4

What is the proposed method of IPR-protection? (patent, license, trademark etc.)
The proposed IPR protection method is industrial design from the Greek Patent Office (OVI). An industrial design renders an object attractive or appealing, thus increasing its marketability and adding to its commercial value. The design may be three-dimensional based on the shape or surface of the object, or two-dimensional based on the object’s patterns, lines or colours. Novelty, originality and visual appeal are essential if an industrial design is to be patented

 

5

What are the steps that need to be taken in order to secure the IPR-protection? What is the cost of IPR-protection?
The steps are:

  • Design of the application file to OVI for industrial design.
  • Application to OVI.

An industrial design application is required to complement the patented ground heating design for green houses. The cost of industrial application IPR to OVI : application cost 500 euro file preparation cost: 1500 euro

 

6

What is you overall assessment of the scientific maturity of the research result?
The scientific maturity is explored in the following research methodology:The rapeseed plant will be divided in two streams, namely the seed and the straw part. 1) The seed will be treated by an innovative enzymatic process (hemicellulases) resulting in 4 different fractions (hulls, oil, sugars and proteins). From the oil fraction biodiesel will be produced by a new enzymatic transesterification method and also, high value added chemicals (phospholipids, tocopherols, sterols, dicarboxylic acids, epoxidized oleochemicals) will be derived. Glycerol released in biodiesel production as by product will be also utilized for production of high value added mono- and diglycerides.  From the other parts (hulls, syrup and proteins) high value products such as antioxidants, glucosinolates, anticancer pharmaceuticals, and high quality proteins rich in lysine and methionine etc. will be recovered;  2) From the straw, a chain of processes will result in bioethanol (conversion of hexoses), and biohydrogen (conversion of pentoses) production. The effluents from different processes will be treated anaerobically for their stabilisation and methane production. Finally, the treated effluents will be used as biofertilisers.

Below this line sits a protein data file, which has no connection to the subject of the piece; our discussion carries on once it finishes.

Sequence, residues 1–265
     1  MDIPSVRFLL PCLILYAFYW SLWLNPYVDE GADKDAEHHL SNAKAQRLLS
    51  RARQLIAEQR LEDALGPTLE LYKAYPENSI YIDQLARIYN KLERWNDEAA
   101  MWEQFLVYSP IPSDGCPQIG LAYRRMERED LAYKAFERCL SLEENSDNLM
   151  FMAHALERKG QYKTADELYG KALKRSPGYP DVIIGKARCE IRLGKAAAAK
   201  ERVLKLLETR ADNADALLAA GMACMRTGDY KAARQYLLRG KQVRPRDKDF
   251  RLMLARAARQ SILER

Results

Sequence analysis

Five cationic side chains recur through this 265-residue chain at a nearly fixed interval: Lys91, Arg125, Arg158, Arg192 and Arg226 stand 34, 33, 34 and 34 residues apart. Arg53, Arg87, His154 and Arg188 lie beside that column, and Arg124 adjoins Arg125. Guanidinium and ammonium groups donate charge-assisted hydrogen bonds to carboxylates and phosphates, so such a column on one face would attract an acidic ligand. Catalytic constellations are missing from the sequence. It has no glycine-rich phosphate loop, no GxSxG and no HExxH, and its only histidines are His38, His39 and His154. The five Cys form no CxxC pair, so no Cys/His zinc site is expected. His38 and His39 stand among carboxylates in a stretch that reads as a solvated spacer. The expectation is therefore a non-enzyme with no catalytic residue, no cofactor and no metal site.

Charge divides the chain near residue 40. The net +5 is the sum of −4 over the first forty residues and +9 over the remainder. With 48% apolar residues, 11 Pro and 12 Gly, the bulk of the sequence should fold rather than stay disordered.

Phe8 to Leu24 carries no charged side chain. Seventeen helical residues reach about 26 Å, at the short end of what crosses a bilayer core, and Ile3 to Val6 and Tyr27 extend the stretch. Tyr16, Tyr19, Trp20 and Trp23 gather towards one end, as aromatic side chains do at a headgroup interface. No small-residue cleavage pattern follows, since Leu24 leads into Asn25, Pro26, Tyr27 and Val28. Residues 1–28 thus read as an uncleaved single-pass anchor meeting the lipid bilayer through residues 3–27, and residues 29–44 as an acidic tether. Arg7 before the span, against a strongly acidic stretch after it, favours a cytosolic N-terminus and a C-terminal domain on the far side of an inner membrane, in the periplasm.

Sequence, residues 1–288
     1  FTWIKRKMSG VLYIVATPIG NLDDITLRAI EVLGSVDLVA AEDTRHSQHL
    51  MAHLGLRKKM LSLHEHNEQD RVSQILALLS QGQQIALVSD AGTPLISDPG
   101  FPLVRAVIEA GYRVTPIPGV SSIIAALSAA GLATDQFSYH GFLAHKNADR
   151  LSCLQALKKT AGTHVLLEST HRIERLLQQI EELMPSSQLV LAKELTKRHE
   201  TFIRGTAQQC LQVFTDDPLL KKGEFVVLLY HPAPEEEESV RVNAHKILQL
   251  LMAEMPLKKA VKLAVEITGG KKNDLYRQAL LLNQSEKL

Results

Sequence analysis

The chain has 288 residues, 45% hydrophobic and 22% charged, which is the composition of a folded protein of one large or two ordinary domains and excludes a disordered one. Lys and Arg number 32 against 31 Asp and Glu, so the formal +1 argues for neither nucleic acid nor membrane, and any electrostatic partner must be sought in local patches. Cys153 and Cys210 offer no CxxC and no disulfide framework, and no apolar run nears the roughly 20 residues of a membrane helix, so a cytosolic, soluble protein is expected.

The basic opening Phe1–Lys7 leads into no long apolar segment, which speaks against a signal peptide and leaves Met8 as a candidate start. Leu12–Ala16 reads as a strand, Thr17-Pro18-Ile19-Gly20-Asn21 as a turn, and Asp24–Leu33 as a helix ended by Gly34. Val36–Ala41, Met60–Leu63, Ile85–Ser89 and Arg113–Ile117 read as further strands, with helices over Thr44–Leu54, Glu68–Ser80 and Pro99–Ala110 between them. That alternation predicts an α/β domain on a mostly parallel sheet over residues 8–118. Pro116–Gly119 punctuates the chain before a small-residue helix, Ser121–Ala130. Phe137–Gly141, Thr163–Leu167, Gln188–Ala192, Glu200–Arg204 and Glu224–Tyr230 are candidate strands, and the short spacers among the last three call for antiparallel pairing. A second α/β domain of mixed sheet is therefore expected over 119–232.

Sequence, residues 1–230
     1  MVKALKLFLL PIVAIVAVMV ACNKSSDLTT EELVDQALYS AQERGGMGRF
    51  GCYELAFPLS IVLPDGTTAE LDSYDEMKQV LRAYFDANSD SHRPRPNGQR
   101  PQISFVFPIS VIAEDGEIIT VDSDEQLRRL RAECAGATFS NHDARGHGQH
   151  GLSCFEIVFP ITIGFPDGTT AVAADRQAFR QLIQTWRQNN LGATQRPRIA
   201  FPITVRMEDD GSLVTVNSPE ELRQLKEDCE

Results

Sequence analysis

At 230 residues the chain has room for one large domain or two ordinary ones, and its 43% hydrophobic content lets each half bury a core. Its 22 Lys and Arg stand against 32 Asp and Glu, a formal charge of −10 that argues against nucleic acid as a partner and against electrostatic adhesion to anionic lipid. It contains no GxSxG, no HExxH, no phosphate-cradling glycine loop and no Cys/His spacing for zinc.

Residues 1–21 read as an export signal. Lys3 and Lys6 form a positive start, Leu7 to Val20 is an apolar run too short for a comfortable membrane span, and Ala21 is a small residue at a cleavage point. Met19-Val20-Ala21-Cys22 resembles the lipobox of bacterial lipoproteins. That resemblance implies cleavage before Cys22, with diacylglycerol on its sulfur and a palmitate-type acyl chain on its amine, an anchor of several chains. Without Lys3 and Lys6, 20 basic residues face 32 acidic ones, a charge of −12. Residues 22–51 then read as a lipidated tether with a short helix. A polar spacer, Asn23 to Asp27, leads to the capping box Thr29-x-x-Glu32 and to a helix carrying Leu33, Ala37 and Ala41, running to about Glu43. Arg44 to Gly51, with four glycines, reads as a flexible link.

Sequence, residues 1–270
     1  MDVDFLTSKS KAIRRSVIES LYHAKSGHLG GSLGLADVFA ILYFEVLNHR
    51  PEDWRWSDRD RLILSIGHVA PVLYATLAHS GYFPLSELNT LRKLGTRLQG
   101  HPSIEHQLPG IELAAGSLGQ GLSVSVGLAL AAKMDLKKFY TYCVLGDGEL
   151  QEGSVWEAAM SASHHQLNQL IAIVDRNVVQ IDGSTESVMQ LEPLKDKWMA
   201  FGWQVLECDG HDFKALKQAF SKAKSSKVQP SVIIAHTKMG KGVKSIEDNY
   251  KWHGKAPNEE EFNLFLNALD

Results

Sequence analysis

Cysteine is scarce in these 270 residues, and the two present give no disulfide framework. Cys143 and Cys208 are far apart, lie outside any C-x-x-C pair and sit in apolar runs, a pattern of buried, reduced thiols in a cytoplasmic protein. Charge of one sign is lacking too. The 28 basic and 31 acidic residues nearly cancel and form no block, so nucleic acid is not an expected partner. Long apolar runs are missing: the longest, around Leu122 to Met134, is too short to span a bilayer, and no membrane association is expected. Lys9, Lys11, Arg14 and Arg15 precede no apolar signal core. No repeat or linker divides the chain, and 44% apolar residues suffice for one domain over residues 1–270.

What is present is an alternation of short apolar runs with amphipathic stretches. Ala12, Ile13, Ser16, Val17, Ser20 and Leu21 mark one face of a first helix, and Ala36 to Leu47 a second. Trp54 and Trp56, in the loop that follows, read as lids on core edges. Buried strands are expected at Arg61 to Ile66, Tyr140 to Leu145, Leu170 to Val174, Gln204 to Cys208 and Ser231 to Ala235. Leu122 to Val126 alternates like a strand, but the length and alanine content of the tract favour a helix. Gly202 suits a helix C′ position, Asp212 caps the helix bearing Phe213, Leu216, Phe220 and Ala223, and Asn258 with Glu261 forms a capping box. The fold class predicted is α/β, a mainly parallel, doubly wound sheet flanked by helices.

KEYWORDS QUANTITATIVE ASSESSMENT (0-5).

Please put X as appropriate. 1 2 3 4 5
Scientific maturity x
Synergies x
State-of-the-art/innovation x
IPR-potential x

 

 


[1] Angelidaki I, Kongjan P, Thomsen MH, Thomsen AB (2007) Biorefinery for sustainable biofuel production from energy crops; conversion of lignocellulose to bioethanol, biohydrogen and biomethane. 11th IWA World Congress on Anaerobic Digestion, 23-27 September, Brisbane, Australia, Session PP8A-Bioenergy 2.

[2] Westermann P, Ahring BK (2005) The biorefinery for production of multiple biofuels. In Lens P, Westermann P, Haberbauer M, Moreno A (eds) Biofuels for fuel cells. IWA. London, p194..

[3] Jensen SK (1990). Biochemical and Physiological Investigations of the Meal and Syrup Fractions from Aqueous Enzymatic Rapeseed Processing. PhD thesis. The Royal Veterinary and Agricultural University, Novo Nordisk A/S, Bagsvaerd